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Pakistan, Saudi Join Fury Over Prophet Remarks Made by ‘Fringe Elements’ in India

In response to Pakistan’s statement, India has said that it is a “serial violator of minority rights.”
In response to Pakistan’s statement, India has said that it is a “serial violator of minority rights.”

Image Courtesy: Rising Kashmir

Pakistan and Saudi Arabia joined Qatar, Kuwait and Iran on Monday in condemning the comments made on Prophet Muhammed by the ruling Bharatiya Janata Party’s (BJP) national spokesperson Nupur Sharma and the party’s Delhi media head Naveen Kumar Jindal.

Meanwhile, Doha cancelled a lunch to be hosted by the deputy emir for visiting vice-president M Venkaiah Naidu, who had earlier cancelled a press conference on Sunday, when the controversy exploded.

Pakistan summoned the Indian chargé d’affaires and said that the “totally unacceptable” comments have “deeply hurt the sentiments” of Muslims across the world. The foreign office deplored the “belated and perfunctory disciplinary actions taken by the BJP government against” Sharma and Jindal saying they “cannot assuage the pain caused to the Muslims”.

Earlier, Pakistan’s Prime Minister Shehbaz Sharif had slammed the “hurtful comments”. “I condemn in strongest possible words hurtful comments of India’s BJP leader about our beloved Prophet (PBUH). Have said it repeatedly India under Modi is trampling religious freedoms & persecuting Muslims. World should take note & severely reprimand India,” he had tweeted.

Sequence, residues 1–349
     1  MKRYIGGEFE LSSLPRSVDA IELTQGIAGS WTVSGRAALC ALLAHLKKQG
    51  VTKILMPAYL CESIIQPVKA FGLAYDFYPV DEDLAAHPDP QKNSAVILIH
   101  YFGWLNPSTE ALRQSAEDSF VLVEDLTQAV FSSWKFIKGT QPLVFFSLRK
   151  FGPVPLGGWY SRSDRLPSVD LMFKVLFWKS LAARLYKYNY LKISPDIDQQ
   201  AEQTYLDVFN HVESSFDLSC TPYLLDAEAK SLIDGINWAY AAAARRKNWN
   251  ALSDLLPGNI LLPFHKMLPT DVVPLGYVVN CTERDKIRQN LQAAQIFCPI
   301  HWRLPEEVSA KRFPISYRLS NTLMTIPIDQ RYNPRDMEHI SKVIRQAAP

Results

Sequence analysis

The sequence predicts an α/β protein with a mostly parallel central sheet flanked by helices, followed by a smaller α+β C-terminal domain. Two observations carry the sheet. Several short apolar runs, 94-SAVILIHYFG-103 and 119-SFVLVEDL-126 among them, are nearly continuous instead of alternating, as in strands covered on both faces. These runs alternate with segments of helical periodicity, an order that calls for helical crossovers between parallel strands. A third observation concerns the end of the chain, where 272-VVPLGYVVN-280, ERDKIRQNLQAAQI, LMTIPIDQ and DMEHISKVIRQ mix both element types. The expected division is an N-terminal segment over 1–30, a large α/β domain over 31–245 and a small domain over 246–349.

Responding to Sharif and the Pakistan foreign office, ministry of foreign affairs spokesperson Arindam Bagchi said that Pakistan should “focus on the safety, security and well-being of its minority communities instead of engaging in alarmist propaganda and attempting to foment communal disharmony in India.”

Tweeting India’s statement, he said: “The absurdity of a serial violator of minority rights commenting on the treatment of minorities in another nation is not lost on anyone. The world has been witness to the systemic persecution of minorities including Hindus, Sikhs, Christians and Ahmadiyyas by Pakistan.”

While India “accords the highest respect to all religions, this is quite unlike Pakistan, where fanatics are eulogised and monuments built in their honour”, he added.

Saudi Arabia’s ministry of foreign affairs welcomed the action against Sharma and Jindal but also expressed its “condemnation and denunciation of the statements insulting the Prophet Muhammed” and rejected any “prejudice against the symbols of the Islamic religion”.

On Sunday, Qatar, Kuwait and Iran has summoned Indian ambassadors to register their strong protest against the statements. Qatar’s foreign ministry summoned ambassador Dipak Mittal, handed him an official note and demanded a public apology from India. “Qatar is expecting a public apology and immediate condemnation of these remarks from the government of India,” it said.

Qatar pointed out that “allowing such Islamophobic remarks to continue without punishment constitutes a grave danger to the protection of human rights and may lead to further prejudice and marginalisation, which will create a cycle of violence and hate”.

Neighbouring Kuwait too handed a note to ambassador Sibi George denouncing the remarks and demanding a public apology. “… these hostile statements, the continuation of which would constitute a deterrent measure or punishment to increase extremism and hatred and undermine the elements of moderation”.

Iran summoned ambassador Dhamu Gaddam and strongly criticised the remarks against the Prophet, semi-official Mehr news agency reported. Expressing regret, Gaddam said that any insult to the Prophet is unacceptable.

On Sunday, the general secretariat of the Jeddah-based Organisation of Islamic Cooperation (IOC) of 57 countries had also strongly condemned the “abuse of the Prophet Muhammad” and expressed “strong condemnation and denunciation of the recent insults issued by an official in the ruling party”, The Indian Express reported.